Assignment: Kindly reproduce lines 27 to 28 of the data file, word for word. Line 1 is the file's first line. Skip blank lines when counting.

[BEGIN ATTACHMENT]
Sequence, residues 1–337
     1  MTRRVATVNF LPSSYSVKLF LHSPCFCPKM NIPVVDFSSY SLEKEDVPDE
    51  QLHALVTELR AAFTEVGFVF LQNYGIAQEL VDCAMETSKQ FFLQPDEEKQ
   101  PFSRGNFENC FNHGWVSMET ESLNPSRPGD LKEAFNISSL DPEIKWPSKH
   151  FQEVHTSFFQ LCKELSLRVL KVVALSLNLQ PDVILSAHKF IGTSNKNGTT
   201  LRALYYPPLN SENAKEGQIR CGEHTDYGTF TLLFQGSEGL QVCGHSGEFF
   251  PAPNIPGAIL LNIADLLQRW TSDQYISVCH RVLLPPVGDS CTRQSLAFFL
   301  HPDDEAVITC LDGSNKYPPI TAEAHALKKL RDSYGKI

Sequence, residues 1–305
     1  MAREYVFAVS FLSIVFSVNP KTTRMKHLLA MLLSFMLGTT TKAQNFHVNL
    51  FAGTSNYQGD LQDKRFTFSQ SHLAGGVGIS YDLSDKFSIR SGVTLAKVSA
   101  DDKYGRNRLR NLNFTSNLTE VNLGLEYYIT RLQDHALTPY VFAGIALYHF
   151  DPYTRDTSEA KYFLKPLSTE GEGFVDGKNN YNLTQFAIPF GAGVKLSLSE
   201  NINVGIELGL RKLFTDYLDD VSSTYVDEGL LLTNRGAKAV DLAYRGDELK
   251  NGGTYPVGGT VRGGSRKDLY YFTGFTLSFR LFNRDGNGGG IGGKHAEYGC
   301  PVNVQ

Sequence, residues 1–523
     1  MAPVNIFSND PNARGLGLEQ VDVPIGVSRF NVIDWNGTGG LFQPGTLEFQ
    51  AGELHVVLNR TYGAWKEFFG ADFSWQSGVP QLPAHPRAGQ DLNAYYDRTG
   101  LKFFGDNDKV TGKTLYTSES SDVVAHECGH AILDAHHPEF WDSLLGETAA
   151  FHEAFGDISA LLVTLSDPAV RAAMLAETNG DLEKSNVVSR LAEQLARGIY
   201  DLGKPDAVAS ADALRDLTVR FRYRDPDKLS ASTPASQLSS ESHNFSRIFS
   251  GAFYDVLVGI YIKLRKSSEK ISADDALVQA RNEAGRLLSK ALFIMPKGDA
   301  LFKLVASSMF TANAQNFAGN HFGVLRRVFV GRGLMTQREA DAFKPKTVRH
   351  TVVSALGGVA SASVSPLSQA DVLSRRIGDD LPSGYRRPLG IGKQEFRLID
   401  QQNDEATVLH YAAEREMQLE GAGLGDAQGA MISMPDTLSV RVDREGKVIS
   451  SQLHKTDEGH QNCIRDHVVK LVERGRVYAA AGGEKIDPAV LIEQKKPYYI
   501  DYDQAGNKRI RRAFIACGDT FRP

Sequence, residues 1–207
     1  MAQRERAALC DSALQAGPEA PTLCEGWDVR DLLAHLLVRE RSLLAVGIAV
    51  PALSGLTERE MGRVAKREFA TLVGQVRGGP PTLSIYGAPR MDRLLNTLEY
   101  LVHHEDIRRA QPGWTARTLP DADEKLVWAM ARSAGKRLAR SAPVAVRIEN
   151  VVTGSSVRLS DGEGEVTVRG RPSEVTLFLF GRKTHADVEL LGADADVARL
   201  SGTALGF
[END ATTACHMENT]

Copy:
   451  SQLHKTDEGH QNCIRDHVVK LVERGRVYAA AGGEKIDPAV LIEQKKPYYI
   501  DYDQAGNKRI RRAFIACGDT FRP